With the economic outlook remaining uncertain, it was perhaps unsurprising that reducing costs was cited by 69 per cent of enterprises in our recent YouGov survey as being a top priority for service management and IT operations.
The same research identified consolidation as the major theme with 36% of respondents saying they believed consolidation of tools to a common standard platform could help achieve this aim.
The importance of consolidation
As a service management and IT operations specialist, we have seen first-hand the fact that, while many organisations recognise the potential of consolidation, some are more successful than others in realising these benefits – but why is this?
Experience shows that successful IT organisations can gain great benefits from implementing common standard platforms or enterprise systems. Over the last year, we have seen examples of consolidation involving service desks, change management applications, monitoring/event management systems and discovery tools, where IT organisations often have multiple systems or tools in use, usually from different vendors.
In each of these examples, a common technology platform (e.g. an enterprise service management system) is the first and base requirement for success as it is difficult to run any reasonably sized IT department with, for example, piecemeal service desks across the business and different change management tools in each business unit. Where this does happen, the same mistakes are repeated, data is fragmented and there is no common platform for propagating experience across the organisation.
Clearly then, a common technology platform has a crucial role to play in unifying IT - but is this alone enough? The short answer is ‘no’. Time and again, implementations fail not because of the software but because of poor processes. In many cases, this is due to the fact that they are too technology-centric and, crucially, not enough attention is paid to the processes and the people.
Getting to grips with process basics
If the process is embedded in the software tools the real value through improvements can be realised and delivered through the technology platform. A successful IT-enabled process, whether ITIL or not, should be applied consistently across the business. All too often, people are trained in the technology but not the process, resulting in everyone performing processes differently.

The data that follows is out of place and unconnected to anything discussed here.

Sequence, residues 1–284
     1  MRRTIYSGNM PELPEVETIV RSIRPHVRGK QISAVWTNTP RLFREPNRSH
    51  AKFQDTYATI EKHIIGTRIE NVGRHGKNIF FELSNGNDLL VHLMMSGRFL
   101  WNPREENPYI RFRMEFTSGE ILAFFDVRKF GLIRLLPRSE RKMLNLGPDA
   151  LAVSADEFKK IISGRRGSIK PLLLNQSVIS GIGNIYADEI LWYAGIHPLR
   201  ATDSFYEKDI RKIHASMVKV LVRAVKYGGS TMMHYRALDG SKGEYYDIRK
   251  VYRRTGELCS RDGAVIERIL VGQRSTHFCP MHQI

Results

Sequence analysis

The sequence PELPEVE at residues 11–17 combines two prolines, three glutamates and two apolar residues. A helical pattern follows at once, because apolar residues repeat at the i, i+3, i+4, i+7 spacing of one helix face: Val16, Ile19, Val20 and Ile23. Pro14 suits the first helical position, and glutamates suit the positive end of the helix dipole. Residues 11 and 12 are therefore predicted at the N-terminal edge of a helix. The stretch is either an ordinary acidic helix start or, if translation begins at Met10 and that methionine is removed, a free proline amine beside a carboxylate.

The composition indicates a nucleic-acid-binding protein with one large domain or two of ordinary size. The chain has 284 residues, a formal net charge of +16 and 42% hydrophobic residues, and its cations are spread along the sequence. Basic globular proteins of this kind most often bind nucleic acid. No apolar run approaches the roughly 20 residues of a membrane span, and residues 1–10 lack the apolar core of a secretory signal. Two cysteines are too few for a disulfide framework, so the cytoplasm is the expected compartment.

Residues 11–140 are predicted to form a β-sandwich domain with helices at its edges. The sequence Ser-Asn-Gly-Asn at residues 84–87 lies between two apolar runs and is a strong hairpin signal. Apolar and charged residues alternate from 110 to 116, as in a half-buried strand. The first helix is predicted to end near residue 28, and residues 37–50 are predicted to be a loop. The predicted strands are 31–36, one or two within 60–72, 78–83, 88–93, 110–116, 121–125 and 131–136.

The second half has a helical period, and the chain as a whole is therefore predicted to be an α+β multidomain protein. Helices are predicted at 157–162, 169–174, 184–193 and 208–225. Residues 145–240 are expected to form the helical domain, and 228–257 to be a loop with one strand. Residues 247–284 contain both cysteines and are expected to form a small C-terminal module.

Another key issue is that process should be embedded into the software, rather than being an add-on. It’s also worth remembering that good software doesn’t replace bad practice: unfortunately, too many organisations buy new software and customise it to deliver the old bad processes.
A best-practice approach will ensure that the process is precise and based on instructions and not general guidelines. Lack of supporting work instructions and definitions mean that processes are performed inconsistently and reporting data cannot be relied upon.
Optimising server strategies
Interestingly, 25 per cent of enterprises surveyed identified server consolidation as a priority. While reducing the number of physical servers itself through virtualisation is fundamental, the reality is that many IT organisations have multiple point solutions for managing and administering servers, as well as separate teams based on technology (e.g. Windows, Linux etc), business unit and region.
The result is server management processes that are often inconsistent, inefficient and not reliable. Here, a better approach to re-organisation could involve the creation of a server management ‘tower’ with common server management policies and processes across the business and common standard platform/tool for managing these (e.g. provisioning, patching etc).
In all, using a common standard platform as an enabler for making an IT process more efficient and consistent will always yield better outcomes than assuming new software on its own will really make any difference.
Tags: Data Centres